Ramen, Reviews

Maruchan Gomadare Hiyashi Cold Noodles

August 24, 2014

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While going through the refrigerated noodle section at Hatoya Japanese Grocer here in Charlotte, I found this bag of Maruchan noodles I had never seen. While it does use ramen noodles, it is not a soup – there is no broth mixing, and no reason to heat a certain amount of water in order to make the base mix. These are, basically, sesame cold noodles, and they’re pretty delicious.

The package comes with three servings. Depending on whether or not you’ll be adding additional ingredients (which I highly recommend), we were able to make two of the servings and have enough to leave two adults and one toddler full. These are uncooked noodles, once again, so you’ll need to keep them in your fridge/freezer rather than a pantry.

The Cook

Each serving comes with a noodle packer and a sauce packet. This sauce packet is NOT meant to be added to water, and it’s not meant to be prepared in advance – it comes into play later.
First off, bring a pot of water to a boil, and cook your noodles – it takes about three minutes.
Once complete, strain your noodles and rinse them in cold water to stop the cook and cool off the noodles - this is a cool dish, so you don't want it piping hot. Once complete, strain your noodles and rinse them in cold water to stop the cook and cool off the noodles – this is a cool dish, so you don’t want it piping hot.

At this point, you can open up the sauce packet and mix it up with the noodles – technically, according to the instructions, you’re done: you’ve just completed making Gomadare Hiyashi ramen noodles. However, I believe you should go the extra step with this one.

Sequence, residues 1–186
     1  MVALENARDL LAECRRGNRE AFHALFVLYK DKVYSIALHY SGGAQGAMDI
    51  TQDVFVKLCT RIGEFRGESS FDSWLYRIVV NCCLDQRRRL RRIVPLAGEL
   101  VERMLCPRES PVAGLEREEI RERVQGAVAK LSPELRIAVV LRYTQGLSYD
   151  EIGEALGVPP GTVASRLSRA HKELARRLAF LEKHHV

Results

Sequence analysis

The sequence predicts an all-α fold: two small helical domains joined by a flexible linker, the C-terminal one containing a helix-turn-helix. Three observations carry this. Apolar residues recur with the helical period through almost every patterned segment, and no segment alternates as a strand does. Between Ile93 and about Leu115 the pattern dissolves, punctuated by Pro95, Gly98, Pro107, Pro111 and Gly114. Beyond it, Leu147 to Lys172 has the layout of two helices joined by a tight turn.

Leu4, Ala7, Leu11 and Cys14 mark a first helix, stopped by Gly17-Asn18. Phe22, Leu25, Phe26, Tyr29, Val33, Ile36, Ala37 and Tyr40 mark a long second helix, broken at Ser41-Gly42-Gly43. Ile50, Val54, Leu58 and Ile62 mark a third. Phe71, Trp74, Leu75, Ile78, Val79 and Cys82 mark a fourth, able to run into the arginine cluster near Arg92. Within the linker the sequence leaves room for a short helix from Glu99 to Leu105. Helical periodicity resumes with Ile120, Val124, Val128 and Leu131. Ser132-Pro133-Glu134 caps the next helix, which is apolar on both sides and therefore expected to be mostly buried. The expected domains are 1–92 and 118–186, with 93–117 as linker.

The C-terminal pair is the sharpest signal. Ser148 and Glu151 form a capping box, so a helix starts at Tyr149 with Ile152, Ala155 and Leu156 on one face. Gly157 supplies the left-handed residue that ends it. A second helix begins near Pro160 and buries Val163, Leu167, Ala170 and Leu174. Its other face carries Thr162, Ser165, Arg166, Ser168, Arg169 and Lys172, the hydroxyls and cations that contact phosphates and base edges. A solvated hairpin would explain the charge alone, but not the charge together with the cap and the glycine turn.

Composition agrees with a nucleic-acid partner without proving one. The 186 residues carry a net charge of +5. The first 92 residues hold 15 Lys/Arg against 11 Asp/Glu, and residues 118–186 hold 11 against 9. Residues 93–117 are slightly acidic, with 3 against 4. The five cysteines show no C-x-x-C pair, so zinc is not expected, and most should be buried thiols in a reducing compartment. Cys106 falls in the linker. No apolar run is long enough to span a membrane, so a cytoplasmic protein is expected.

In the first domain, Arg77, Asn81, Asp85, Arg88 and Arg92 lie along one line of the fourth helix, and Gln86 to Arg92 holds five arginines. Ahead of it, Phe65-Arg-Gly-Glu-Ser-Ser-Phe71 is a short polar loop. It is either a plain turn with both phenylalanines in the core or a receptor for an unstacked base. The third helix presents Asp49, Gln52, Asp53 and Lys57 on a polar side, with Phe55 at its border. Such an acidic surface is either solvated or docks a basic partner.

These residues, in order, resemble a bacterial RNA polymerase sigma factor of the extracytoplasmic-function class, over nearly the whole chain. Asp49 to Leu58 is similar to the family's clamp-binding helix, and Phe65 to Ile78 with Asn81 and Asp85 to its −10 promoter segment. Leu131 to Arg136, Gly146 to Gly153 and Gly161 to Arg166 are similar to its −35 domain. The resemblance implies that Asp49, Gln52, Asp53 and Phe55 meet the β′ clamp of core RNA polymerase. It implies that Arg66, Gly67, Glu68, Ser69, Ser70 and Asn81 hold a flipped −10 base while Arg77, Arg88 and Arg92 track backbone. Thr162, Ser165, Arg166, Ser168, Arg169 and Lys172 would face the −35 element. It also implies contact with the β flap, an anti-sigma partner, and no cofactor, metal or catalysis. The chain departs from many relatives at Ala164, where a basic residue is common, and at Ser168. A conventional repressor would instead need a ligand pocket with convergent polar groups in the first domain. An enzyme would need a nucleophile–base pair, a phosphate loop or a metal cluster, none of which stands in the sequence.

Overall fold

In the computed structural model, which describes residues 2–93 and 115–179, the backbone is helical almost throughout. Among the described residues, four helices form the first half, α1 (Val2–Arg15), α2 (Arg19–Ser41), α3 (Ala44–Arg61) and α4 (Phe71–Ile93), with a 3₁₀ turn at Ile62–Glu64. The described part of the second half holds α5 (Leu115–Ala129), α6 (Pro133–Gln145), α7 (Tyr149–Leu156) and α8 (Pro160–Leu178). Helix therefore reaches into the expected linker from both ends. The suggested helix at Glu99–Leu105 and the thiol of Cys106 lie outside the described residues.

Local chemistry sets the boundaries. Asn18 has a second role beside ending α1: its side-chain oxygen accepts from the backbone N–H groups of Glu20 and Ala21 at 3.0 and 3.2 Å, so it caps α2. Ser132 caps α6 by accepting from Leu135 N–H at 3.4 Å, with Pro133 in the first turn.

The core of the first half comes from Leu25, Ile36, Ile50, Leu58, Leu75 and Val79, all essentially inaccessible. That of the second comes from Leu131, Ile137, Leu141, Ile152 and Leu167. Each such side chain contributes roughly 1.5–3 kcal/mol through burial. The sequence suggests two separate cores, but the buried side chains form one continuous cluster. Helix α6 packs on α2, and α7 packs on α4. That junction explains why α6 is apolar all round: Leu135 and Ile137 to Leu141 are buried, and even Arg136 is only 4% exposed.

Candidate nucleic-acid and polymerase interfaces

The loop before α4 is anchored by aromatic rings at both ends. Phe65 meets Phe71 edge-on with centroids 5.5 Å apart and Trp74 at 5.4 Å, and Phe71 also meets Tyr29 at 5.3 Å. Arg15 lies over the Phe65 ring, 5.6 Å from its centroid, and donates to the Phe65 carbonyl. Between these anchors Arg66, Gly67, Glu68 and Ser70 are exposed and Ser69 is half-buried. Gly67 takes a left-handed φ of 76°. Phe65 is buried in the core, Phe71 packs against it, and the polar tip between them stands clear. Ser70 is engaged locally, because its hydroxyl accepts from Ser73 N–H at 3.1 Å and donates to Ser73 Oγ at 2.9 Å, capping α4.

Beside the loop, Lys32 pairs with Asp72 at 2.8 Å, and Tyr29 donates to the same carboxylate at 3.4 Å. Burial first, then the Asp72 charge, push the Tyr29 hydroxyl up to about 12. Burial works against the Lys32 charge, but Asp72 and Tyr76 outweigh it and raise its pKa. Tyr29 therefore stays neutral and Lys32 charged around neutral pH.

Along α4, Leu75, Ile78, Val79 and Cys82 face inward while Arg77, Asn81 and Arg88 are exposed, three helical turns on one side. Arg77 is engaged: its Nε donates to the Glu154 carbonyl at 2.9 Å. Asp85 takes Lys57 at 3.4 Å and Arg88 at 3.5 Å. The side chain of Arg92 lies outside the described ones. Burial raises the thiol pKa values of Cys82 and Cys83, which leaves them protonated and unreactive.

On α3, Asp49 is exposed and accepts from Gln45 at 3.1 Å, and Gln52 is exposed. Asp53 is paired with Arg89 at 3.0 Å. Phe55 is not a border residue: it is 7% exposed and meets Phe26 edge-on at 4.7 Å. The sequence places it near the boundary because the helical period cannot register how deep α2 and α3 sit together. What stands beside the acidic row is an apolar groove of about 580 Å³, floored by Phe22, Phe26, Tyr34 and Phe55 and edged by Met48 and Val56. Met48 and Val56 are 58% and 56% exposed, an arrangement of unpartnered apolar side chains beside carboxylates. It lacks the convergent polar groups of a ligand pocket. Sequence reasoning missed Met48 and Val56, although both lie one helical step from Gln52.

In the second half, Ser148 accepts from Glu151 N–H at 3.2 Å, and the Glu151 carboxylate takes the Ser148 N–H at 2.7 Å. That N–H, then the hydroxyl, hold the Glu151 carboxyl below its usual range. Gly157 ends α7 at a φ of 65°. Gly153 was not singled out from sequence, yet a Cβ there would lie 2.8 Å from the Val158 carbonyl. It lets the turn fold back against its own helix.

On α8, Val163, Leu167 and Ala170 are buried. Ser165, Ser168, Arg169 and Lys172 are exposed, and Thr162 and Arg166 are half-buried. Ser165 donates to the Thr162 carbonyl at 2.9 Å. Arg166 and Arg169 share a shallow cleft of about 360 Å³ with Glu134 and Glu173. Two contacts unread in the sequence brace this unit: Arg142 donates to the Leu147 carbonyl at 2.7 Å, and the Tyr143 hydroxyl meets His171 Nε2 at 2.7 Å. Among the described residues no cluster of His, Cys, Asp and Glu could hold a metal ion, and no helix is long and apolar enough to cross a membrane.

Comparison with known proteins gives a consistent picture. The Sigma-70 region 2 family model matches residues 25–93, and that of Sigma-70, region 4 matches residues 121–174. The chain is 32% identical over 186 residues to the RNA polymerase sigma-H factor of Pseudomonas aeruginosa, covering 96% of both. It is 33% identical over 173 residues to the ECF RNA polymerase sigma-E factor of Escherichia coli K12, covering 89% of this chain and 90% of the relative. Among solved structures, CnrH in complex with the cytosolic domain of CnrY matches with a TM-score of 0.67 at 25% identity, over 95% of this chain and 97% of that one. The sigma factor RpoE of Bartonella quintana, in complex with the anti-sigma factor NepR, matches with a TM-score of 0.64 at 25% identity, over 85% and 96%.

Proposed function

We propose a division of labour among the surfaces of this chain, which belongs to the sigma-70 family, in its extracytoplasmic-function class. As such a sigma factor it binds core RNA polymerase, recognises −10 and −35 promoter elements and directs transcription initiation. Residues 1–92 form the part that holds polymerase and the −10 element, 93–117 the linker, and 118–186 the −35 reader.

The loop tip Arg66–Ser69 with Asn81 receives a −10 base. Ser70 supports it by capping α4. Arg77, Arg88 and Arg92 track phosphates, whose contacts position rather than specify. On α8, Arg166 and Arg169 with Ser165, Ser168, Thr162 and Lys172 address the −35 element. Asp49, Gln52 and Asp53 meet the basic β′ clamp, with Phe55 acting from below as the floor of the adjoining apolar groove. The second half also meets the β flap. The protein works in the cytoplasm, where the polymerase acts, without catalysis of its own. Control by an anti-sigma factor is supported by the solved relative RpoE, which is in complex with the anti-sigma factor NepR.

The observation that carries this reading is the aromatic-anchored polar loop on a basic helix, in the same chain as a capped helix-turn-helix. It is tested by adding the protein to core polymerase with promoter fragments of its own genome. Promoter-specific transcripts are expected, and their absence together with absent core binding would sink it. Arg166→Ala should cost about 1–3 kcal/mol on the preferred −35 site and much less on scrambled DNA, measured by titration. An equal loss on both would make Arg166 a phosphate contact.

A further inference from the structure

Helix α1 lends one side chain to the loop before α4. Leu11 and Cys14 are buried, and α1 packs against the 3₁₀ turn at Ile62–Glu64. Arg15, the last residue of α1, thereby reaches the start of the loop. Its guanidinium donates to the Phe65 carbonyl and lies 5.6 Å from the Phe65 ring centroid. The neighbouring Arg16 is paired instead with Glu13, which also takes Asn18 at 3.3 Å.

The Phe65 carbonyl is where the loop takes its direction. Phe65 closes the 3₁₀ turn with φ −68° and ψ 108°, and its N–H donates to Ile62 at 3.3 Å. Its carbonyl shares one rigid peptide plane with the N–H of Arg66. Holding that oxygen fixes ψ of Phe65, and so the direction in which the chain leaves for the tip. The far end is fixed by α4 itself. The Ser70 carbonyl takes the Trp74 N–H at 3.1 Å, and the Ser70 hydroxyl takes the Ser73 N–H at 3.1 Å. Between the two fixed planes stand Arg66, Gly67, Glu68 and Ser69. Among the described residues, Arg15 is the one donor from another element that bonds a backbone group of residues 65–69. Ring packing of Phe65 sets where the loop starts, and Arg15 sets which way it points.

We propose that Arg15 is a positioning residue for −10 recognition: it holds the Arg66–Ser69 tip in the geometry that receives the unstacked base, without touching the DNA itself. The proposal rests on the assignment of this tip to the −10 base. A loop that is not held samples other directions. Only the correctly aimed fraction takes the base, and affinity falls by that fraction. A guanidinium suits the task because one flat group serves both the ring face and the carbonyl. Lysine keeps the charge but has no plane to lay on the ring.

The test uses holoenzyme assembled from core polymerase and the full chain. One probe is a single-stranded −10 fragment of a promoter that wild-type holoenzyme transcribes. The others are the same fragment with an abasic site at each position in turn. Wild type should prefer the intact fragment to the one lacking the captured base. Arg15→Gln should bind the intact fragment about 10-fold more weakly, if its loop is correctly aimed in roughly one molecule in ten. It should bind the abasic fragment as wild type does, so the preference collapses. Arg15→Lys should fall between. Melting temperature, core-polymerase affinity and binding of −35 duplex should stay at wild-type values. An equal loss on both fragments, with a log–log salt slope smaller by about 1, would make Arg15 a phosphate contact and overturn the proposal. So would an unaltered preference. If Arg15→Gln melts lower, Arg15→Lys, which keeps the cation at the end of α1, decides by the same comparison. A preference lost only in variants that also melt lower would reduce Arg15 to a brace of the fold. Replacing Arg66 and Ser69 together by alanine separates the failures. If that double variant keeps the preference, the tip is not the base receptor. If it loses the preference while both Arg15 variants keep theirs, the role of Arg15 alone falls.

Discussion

Choose some ingredients that will match the sweet cold ginger taste of the sauce. I went with sliced cucumber, shredded carrot, and crushed unsalted peanuts.

When you’re done, you’ll have a practically restaurant quality lunch that took less than ten minutes to make.

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The Review

This is a fantastic meal. The noodles are thin, yet firm, yet flexible – there’s a spring to them that is incredibly satisfying. The sesame sauce has a slight ginger flavor to it, making it a wonderful afternoon snack/lunch, especially on a hot day. The one big problem with these noodles is that, without the addition of other ingredients, it’s somewhat bland, and the sauce can be overpowering. If all you want are noodles and a broth/sauce, this will not be for you – you’re going to want to add to it.

This, however, can lead to some fun experimentation: pick some veggies or a protein you like and mix it all up. I can see this going very well with both egg and chicken. It’s an extremely quick cook, nobody will get annoyed waiting for you to finish making it. Furthermore, unlike most freezer section noodles, there are three servings, meaning you could keep a couple of packages aside and bring them out whenever you feel a craving.

The package is not without its problems – the subtle ginger is, maybe, not quite subtle enough. It’s a bit too sweet for some. It’s definitely not ready to go right out of the package, like some top-notch refrigerated noodle offerings. But if you’re willing to put the time in to accentuate what is essentially a frozen dinner from Japan, you won’t be disappointed.

Pros:

  • Extremely adaptable
  • Perfect noodles
  • Generous amount in package

Cons:

  • Requires adaptation
  • May be too sweet for some
  • Balance on its own not quite there

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